Iowa State Researchers Find Relationship between Food Insecurity and Depression

By Matthew Leimkuehler

Kim GrederAMES, Iowa -- A new study by an Iowa State University professor and student links food insecurity and maternal depression in rural America.

“We wanted to look at the depressive level that mothers in rural areas were experiencing,” said Kim Greder, an associate professor in human development and family studies and ISU Extension and Outreach family life state specialist. “The nugget that can be taken away from this is, ‘Take care of mom. Make sure mom’s mental health is good.’”

Greder is the principal investigator of a study looking at household food insecurity, maternal depression, and child behaviors in rural, low-income families. The study included in-depth interviews and surveys with 371 mothers in rural, isolated areas in 13 states including California, Texas, North Carolina, Iowa and Louisiana.

The requirements for participating adult mothers included having a low income with at least one child 13 or younger.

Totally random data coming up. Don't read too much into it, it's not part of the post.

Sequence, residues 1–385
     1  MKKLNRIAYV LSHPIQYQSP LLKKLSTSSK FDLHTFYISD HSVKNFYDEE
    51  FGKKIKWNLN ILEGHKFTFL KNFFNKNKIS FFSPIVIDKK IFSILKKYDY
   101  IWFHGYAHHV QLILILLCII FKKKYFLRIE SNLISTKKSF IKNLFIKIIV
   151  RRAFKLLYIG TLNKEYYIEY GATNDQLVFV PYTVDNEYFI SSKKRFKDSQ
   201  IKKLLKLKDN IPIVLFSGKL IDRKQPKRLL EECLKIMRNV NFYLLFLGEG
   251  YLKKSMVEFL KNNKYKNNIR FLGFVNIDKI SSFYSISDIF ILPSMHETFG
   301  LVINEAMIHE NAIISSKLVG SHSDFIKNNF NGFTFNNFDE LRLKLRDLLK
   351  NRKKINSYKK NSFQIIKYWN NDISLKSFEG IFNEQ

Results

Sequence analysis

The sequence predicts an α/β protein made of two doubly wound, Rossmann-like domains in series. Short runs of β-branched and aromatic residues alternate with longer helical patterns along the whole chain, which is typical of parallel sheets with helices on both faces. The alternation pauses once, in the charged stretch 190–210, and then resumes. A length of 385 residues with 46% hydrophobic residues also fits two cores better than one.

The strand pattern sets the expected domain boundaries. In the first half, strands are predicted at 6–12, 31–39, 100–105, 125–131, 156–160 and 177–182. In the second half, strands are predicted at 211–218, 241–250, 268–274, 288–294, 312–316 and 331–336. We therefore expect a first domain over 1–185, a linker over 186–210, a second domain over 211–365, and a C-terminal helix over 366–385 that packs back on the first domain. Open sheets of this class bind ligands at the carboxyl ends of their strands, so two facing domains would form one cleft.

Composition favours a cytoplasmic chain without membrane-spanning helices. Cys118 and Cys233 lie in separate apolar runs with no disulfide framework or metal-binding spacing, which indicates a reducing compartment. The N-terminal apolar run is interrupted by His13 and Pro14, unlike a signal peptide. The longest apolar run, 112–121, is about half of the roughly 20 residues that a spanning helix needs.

Greder’s research shows 42 percent of the families interviewed suffer from food insecurity, according to completion of a U.S. Department of Agriculture household food insecurity module. She said this is directly related to 36 percent of the mothers interviewed suffering from depression, according to the Center for Epidemiologic Studies Depression Scale.

She said low-income families in rural America often struggle with being isolated. The simple task of going to the grocery store can be difficult.

“Food is a basic need that affects other aspects of your life,” she said.

Read the complete story from the College of Human Sciences.


Kim Greder, associate professor, Department of Human Development and Family Studies, Iowa State University, 515-294-5906,

Matthew Leimkuehler, graduate assistant, College of Human Sciences, Iowa State University, 515-294-9424,